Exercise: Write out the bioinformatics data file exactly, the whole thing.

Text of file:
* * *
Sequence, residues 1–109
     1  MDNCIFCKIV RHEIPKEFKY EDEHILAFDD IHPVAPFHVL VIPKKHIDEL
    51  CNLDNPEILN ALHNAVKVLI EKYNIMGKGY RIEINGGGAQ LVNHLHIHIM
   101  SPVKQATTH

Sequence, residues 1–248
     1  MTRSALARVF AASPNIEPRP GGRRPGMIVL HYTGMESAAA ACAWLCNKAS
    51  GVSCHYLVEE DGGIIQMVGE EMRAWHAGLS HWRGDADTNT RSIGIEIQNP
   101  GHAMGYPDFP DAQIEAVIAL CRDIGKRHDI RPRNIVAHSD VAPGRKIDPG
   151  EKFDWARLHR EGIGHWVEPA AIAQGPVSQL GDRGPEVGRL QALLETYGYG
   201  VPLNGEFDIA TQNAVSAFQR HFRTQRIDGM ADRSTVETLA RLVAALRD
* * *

Sequence, residues 1–109
     1  MDNCIFCKIV RHEIPKEFKY EDEHILAFDD IHPVAPFHVL VIPKKHIDEL
    51  CNLDNPEILN ALHNAVKVLI EKYNIMGKGY RIEINGGGAQ LVNHLHIHIM
   101  SPVKQATTH

Sequence, residues 1–248
     1  MTRSALARVF AASPNIEPRP GGRRPGMIVL HYTGMESAAA ACAWLCNKAS
    51  GVSCHYLVEE DGGIIQMVGE EMRAWHAGLS HWRGDADTNT RSIGIEIQNP
   101  GHAMGYPDFP DAQIEAVIAL CRDIGKRHDI RPRNIVAHSD VAPGRKIDPG
   151  EKFDWARLHR EGIGHWVEPA AIAQGPVSQL GDRGPEVGRL QALLETYGYG
   201  VPLNGEFDIA TQNAVSAFQR HFRTQRIDGM ADRSTVETLA RLVAALRD